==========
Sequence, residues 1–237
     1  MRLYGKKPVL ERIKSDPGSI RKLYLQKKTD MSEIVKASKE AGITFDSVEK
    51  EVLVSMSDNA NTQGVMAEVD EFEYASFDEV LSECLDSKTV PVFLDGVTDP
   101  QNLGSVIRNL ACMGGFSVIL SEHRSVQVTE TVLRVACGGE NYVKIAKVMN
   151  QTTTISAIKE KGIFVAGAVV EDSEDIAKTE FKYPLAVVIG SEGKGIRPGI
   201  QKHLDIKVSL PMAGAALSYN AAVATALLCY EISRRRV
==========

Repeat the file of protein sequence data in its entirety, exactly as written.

Sequence, residues 1–237
     1  MRLYGKKPVL ERIKSDPGSI RKLYLQKKTD MSEIVKASKE AGITFDSVEK
    51  EVLVSMSDNA NTQGVMAEVD EFEYASFDEV LSECLDSKTV PVFLDGVTDP
   101  QNLGSVIRNL ACMGGFSVIL SEHRSVQVTE TVLRVACGGE NYVKIAKVMN
   151  QTTTISAIKE KGIFVAGAVV EDSEDIAKTE FKYPLAVVIG SEGKGIRPGI
   201  QKHLDIKVSL PMAGAALSYN AAVATALLCY EISRRRV